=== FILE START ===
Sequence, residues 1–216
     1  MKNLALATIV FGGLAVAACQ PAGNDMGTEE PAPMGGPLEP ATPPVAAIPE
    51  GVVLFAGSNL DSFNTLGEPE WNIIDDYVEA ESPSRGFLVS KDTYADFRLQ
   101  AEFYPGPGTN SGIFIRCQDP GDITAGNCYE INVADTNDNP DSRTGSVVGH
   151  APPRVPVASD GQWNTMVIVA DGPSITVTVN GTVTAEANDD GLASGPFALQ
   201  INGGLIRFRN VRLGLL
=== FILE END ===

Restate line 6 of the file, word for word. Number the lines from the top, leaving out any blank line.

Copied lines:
   201  INGGLIRFRN VRLGLL